Real Estate

‘For real estate developers, costs have gone up’

R Balaji | Updated on January 08, 2018

Ajit Chordia, President, Tamil Nadu chapter, Confederation of Real Estate Developers Association of India

Ajit Chordia, President of the Tamil Nadu chapter of the Confederation of Real Estate Developers Association of India, says GST has added to the costs for developers and buyers. Excerpts:

How has GST impacted the real estate sector?

GST has added to the cost of developed real estate space. Most manufacturers of construction inputs have not passed on the full benefit, so the basic price of raw materials is going up. Take cement, for example. Pre-GST, the price was ₹300 a bag (including basic price of ₹ 225 plus excise duty and VAT). The end price has been kept the same but the base price has been hiked to ₹235. In effect, the consumer pays ₹10-15 more. This is true of other raw material suppliers too.

What has the new tax meant for developed space?

Take the housing segment. Earlier, the service tax on construction component was 6 per cent in Tamil Nadu; under GST, it is 18 per cent on construction contract, including input benefit of GST for property below ₹5,000 a sq ft. This may be revenue-neutral, but as prices go up, the impact of GST will be felt more and the end products will be costlier for customers.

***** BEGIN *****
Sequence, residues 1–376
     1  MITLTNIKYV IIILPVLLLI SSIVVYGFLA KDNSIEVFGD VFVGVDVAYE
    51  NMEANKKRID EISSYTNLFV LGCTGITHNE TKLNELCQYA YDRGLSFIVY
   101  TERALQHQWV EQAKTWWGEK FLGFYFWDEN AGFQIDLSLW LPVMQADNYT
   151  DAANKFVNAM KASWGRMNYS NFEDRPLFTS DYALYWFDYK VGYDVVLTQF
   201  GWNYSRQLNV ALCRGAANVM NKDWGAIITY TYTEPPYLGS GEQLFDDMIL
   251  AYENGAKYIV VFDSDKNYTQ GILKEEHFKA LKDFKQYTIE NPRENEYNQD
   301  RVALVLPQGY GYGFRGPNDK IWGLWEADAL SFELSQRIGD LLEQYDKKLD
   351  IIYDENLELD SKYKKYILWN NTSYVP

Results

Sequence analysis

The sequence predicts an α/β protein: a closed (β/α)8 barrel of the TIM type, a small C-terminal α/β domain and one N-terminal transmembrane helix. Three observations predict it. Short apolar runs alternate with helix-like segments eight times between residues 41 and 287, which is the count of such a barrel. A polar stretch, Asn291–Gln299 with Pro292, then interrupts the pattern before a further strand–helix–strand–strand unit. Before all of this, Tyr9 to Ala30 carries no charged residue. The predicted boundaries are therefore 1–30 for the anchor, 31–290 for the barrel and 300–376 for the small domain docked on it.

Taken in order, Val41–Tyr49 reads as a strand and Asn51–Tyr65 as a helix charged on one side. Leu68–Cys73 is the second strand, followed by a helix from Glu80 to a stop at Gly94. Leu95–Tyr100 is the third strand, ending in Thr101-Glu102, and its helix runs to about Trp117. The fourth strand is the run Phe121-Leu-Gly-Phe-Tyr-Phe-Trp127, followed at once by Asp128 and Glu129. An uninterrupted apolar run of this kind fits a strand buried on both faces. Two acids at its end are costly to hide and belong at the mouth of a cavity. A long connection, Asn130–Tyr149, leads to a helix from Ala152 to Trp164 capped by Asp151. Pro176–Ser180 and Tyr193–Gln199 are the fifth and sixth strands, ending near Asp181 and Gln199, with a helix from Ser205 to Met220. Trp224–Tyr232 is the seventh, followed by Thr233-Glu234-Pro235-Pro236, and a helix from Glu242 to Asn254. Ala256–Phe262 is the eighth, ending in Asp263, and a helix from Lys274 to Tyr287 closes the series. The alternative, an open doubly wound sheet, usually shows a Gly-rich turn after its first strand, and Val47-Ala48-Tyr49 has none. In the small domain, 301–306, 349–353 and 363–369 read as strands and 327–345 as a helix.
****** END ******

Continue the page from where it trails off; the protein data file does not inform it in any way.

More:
For property in the range of about ₹10,000 a sq ft, where service tax on construction component worked out to about ₹300, the total liability now has nearly doubled.

The worst affected are buyers caught in transition, where a building is halfway through, with a portion attracting service tax and a part attracting GST. Developers are not clear on input available and consumers too are shelling out more under GST than service tax. Both developers and buyers are hit.

What is the status in respect of new project launches?

In new projects, customers will have to pay at least 3 per cent more on account of GST, depending on the method of implementation. The cost will increase for developers; this will have to be factored in for new products.

Published on October 10, 2017

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